The term "cataract" refers to a cloudy lens within the eye. This clouding is caused by proteins in the eye breaking down as we get older. As a result, the amount of light penetrating the lens and reaching the retina at a proper angle is reduced. While you may not notice any cataract symptoms or your vision might even improve slightly, it is important to remember that your eyesight will deteriorate soon.
The best defense is to have regular eye exams and if diagnosed with a cataract, to have your lenses replaced quickly.
The most common symptoms of a cataract are:
Cataracts will eventually affect everyone. The typical onset happens between 60 and 70 years of age. Earlier or later onsets, however, are not uncommon. The following factors can influence the speed and severity of cataracts:
No. Unfortunately, no pills or medical treatments exist to cure or reverse cataracts. While glasses or contact lenses may help you with reading or driving, your cataracts will get progressively worse with time. For this reason, at Visium Eye Institute we recommend a prompt cataract lens replacement. It is the only option to get back to enjoying your family activities and all the adventures life brings without blurred, cloudy vision holding you back.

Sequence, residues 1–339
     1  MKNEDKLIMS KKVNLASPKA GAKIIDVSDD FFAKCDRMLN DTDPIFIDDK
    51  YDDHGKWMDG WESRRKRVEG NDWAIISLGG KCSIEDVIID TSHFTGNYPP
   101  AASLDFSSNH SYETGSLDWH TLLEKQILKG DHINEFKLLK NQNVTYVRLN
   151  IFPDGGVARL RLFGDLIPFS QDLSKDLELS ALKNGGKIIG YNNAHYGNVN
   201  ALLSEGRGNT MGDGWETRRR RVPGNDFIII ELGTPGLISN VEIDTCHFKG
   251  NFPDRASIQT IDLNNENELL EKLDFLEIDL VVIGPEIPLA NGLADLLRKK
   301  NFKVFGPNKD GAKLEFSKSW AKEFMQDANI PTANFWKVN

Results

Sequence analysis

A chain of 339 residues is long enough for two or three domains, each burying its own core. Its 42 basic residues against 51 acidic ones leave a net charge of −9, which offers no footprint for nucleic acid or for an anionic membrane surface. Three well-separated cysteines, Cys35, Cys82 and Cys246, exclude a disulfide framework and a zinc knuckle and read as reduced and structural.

The only effective method to improve your vision is to have the cataract lens removed and replaced with a new, implanted lens. Dr. Shah uses modern cataract technology to restore the natural clarity of your vision. In addition, a wide selection of replacement lenses allows us to pick a lens that will also aid with your distance and close-up vision. Using the optimum technology gives the you a great chance to get rid of your astigmatism and return your vision to 20/20.*
After making a small incision in your eye, your surgeon will insert an instrument about the size of a pen tip to remove the cataract, using either high-frequency sound waves to gently break up the cloudy lens (phacoemulsification), or pulses of fluid to wash it away (liquefaction).
The cataract-affected natural crystalline lens is replaced with an artificial intraocular lens (IOL). IOLs are typically made of a flexible material, allowing your surgeon to fold and insert the IOL through a very small incision. Once inserted, the IOL opens, and its haptics, or "arms," unfold to keep it in place.